Grand Army – III. Sequence of Action


Which side moves first is determined by whoever sets up the particular battle situation to be played. With this decided this side, which we’ll call Side A, proceeds as follows:

All of Side A’s artillery units except those firing cannister may fire at any enemy units within their range that are not completely protected by intervening hills, woods, buildings, etc.

All of Side A’s other units may now fire at any enemy units within their range that are not completely protected by intervening hills, woods, buildings, etc.

Side A may now move any of his units he wishes, checking morale as necessary.

Side B conducts defensive fire at charging units. They may also fire at any units of Side A which have passed thru the field of fire of any of Side B’s units.

Any hand-to-hand combat (melee) brought about by Side A’s movement are resolved, checking morale as necessary.

These five steps are now repeated with Side “B” firing and moving and Side “A” conducting defensive and pass-thru fire.

Note the following: Each side fires first, then moves.

Units which conduct defensive or pass-thru fire in step 4 cannot, fire again in their following step 1 or 2.
Any given unit may both fire and move in the same turn. There is no movement penalty for having fired. Except that British Rifle units can either fire or move in a given turn, but may not do both in the same turn.

RANDOM MOVEMENT is a system designed especially for games requiring a small number of players to handle a very large number of units.

The units of each side should be grouped into regiments (all cavalry, Napoleonic infantry), or brigades (Civil War and British Napoleonic infantry) or higher units (brigades/divisions), depending on the numbers involved. Artillery can be grouped into batteries or higher units (battalions/regiments/brigades), depending on the numbers involved.

Indicate the make-up of each such higher unit on a 3″x5″ card, and place all the cards from both sides together in a box.

Side A draws one card (without looking). The units on that card (whichever side they belong to) — and only those units – may fire and move in the normal manner.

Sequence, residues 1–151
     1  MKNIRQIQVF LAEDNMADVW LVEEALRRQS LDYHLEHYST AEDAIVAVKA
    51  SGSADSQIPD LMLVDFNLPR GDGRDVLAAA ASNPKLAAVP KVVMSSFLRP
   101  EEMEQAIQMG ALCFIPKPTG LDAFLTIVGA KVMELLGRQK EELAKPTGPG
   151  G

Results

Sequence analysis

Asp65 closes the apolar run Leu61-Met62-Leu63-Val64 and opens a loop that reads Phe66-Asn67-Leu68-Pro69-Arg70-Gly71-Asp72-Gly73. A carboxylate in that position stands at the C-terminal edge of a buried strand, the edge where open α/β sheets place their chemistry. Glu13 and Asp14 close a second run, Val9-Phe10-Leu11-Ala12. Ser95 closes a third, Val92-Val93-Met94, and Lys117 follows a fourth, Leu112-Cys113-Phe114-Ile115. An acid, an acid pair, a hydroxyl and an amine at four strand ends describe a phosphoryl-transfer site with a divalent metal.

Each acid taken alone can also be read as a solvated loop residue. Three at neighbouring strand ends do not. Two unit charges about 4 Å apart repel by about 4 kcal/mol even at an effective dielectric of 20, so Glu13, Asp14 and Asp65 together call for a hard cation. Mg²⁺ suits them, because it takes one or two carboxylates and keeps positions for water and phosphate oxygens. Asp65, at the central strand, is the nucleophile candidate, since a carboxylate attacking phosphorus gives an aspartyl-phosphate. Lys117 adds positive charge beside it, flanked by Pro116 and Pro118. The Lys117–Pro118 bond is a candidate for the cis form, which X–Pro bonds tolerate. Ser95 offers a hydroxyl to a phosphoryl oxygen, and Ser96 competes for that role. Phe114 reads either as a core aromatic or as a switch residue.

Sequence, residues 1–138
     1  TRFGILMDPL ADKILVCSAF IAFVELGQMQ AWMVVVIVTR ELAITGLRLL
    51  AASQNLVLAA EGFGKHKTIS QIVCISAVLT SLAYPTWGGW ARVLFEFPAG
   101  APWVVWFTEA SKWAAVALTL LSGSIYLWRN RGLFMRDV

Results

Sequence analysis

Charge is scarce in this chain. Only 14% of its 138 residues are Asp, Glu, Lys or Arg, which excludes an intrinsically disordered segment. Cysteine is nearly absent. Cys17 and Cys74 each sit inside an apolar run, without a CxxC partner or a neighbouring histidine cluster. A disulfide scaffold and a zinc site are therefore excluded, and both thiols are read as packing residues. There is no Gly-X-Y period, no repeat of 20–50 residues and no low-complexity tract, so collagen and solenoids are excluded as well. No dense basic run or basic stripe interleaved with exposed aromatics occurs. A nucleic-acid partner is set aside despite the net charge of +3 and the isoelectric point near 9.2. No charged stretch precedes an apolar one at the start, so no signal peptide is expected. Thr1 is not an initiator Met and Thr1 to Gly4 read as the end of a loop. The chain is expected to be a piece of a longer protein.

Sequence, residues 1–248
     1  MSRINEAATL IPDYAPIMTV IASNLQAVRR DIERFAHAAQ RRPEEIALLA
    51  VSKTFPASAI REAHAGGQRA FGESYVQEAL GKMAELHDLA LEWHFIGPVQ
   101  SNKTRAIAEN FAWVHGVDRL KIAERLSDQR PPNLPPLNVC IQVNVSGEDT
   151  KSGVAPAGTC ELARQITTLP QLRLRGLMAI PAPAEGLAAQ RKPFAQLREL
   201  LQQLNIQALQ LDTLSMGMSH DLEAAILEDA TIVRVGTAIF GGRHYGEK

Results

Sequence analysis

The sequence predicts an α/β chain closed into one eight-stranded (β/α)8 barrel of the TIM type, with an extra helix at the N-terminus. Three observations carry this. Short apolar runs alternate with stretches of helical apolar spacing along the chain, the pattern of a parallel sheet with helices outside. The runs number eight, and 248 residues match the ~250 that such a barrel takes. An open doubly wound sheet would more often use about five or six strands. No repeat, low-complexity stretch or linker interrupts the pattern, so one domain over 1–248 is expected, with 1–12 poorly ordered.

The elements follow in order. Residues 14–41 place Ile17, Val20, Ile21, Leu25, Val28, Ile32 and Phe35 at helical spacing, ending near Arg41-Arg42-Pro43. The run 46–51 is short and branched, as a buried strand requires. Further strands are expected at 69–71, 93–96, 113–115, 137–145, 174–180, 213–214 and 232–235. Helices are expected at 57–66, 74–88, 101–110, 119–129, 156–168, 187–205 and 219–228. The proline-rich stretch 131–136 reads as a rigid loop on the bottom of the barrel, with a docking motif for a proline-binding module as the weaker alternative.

The side that did not move now draws a second card — note: there is no way of knowing whether a side will draw a card for its own units or for its opponents. That’s the breaks!

RATIONALE: This system accomplishes the following:
Keeps one side from having to wait a long time while the other side moves all of a great number of units with a few hands.

Simulates the inability of higher commanders to coordinate the actions of all units in a large battle. in the absence of actual subordinate commanders.

Provides extra excitement and suspense. For instance: When a breakthrough is made, which will be drawn first, the defender’s reserves to plug the hole, or the attacker’s to exploit it? (Thus will both sides be realistically motivated to keep adequate reserves on hand)

EFFECT: It becomes even more important, with this, system, to use the status markers (see VIII. D.). A unit might be “Shaken” by the fire of one enemy unit and then, before its own card has been, drawn. “Stopped” by the fire of another enemy unit. As with the normal sequence, a unit effected twice in the same turn suffers the next worse effect. In this case “Shaken” + “Stop” = “Retreat”. There is now also the possibility that a unit that has already been forced to Retreat or Rout — before its own card is drawn -is Stopped or Shaken by the fire of another enemy unit. Since “Stopping” a unit that already can’t move a tall next turn has no real effect, again the effect must be changed to that which is next worse than the unit’s current status. Therefore status markers will be needed to indicate units that have been “Retreated” and that have been “Routed” (instead of just “Moved”). Effects are listed below from bad to worst (“Engaged” units cannot be fired upon) :